Even with this background (perhaps because of this classical/mathematical mind… cough), he was an amazing legal mind.  In The Australian Constitution, Geoffrey Sawer wrote:

Griffith (1843-1920) was the most gifted jurist and constitutional scholar to engage in the federal movement, and had the greatest individual influence on the shape of the Federal Constitution.

It seems almost a shame that he was so rabidly pro-States.  Despite Isaac Isaacs’ flawless logic about the continued existence of the colonies (we’ll get to that in a later post)

After drafting the Constitution, he flirted with returning to politics (he was Premier of Queensland pre-Federation), but was offered and accepted the role of Chief Justice of the High Court.

Crowning Moment of Awesome:

Kryger v Williams (1912).  Everything you’ve wanted to know about Australia’s intolerance for dopey arguments about religion is summed up by Griffith:

To require a man to do a thing which has nothing at all to do with religion is not prohibiting him from a free exercise of religion.

If Griffith had been Chief Justice of the Supreme Court of the United States, how far do you think the recent arguments about pro-life, religious employers having to provide health care which includes access to birth control would have got?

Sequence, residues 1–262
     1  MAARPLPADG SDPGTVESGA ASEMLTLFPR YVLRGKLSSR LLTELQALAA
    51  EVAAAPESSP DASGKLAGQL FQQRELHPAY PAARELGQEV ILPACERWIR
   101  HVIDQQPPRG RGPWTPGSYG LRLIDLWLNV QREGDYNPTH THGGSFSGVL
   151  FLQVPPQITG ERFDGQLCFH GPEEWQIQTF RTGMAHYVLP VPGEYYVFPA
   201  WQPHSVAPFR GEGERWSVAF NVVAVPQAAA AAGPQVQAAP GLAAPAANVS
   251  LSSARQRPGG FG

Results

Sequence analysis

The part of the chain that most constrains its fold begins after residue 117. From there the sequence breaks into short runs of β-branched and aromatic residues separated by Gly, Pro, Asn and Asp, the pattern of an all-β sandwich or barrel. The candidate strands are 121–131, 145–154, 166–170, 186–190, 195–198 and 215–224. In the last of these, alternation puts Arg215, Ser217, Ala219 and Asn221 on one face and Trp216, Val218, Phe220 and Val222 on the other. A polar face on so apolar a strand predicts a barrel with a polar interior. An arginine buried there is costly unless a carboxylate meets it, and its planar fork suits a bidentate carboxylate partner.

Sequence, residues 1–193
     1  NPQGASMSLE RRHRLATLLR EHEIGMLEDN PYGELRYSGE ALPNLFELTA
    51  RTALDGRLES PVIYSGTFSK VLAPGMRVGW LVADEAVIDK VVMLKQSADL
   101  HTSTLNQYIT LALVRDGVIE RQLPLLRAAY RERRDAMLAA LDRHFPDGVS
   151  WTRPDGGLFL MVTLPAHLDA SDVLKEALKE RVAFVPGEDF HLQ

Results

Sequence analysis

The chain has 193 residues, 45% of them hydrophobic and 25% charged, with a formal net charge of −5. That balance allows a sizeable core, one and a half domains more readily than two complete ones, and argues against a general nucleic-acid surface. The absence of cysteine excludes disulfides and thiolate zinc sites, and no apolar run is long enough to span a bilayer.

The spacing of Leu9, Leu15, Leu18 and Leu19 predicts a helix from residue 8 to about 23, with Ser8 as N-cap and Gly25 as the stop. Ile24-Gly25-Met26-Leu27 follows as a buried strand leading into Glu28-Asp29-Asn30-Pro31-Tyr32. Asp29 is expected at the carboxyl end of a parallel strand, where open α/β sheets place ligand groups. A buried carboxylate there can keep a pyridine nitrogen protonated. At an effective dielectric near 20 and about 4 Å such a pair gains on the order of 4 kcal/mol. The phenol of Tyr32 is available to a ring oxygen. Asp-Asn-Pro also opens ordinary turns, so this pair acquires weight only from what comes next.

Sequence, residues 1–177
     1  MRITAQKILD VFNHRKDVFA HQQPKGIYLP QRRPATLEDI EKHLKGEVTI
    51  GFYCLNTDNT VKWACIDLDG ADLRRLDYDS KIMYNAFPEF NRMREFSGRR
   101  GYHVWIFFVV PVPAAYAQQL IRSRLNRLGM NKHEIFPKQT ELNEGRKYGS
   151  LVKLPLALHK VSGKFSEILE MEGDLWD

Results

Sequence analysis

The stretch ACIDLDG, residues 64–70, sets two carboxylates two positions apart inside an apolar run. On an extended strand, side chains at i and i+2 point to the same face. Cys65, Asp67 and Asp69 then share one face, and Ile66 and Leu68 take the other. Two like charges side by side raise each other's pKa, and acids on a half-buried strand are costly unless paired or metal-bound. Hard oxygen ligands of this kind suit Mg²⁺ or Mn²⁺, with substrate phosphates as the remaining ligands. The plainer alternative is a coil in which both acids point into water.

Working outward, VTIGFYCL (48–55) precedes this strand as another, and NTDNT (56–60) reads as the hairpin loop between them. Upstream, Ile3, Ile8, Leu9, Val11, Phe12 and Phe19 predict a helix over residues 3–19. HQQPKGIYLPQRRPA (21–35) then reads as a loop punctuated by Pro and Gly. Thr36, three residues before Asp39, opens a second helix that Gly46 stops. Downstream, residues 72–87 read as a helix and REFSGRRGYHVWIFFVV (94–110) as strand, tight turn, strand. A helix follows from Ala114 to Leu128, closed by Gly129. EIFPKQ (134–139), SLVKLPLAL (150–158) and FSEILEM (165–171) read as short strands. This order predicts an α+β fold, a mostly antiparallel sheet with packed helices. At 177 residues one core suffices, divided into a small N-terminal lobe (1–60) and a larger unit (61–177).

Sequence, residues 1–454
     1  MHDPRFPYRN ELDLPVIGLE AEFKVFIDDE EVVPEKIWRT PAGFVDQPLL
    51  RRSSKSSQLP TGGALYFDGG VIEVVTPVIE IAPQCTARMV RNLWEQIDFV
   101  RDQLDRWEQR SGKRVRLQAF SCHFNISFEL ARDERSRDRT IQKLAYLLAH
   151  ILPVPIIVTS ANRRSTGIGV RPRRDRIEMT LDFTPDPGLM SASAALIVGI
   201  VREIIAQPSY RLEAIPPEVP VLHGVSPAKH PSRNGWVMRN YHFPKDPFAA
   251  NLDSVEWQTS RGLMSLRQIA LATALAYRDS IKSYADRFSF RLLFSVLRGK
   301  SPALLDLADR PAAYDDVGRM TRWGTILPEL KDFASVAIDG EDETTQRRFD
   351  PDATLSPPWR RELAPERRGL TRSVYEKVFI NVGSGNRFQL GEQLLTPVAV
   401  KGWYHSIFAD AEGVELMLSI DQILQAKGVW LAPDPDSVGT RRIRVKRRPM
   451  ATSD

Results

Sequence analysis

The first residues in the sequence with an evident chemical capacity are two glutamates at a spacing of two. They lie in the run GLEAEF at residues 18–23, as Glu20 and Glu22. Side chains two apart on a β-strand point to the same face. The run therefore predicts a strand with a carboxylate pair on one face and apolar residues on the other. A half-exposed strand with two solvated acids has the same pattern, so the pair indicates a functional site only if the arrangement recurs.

Zero.  Zero far.

Some kind of plastic I can wrap around you… And the Man on the Clapham Omnibus

Okay, I haven’t updated this in a while because I’ve been fairly solidly buried in work, study, and play.  I am procrastinating and, thus, we get an update.

There is a legal principle in common law systems that people — generally and normally — behave reasonably.  The idea is that every person is rational — or ought to be rational — and that they behave in a generally rational way.  Those people include legislators and, when they write up statutes, it’s presumed that they did so in a reasonable way.  Those people also include parties to contracts and, when they form contracts, it’s presumed that they did so in a reasonable way.  Those people also include people who are criminals and, when they perform some criminal acts (the ones involving mens rea), it is presumed that they knew that they were performing some act which a rational person would condemn.

It’s called the objective test and it posits some hypothetical person — ‘the man on the Clapham omnibus/Bondi tram’ — and asks ‘What would he think?’

What’s curious about this reasonable person is that he is invariably white, male, and educated.  This is due to a wonderful feature of our thinking called ‘normativity’.  It’s where we consider the default — ‘normal’ — position to be that which is most dominant in our social framework.  In common law countries, this is invariably white guys.  So the default perspective is that of a member of the hegemony. Continue reading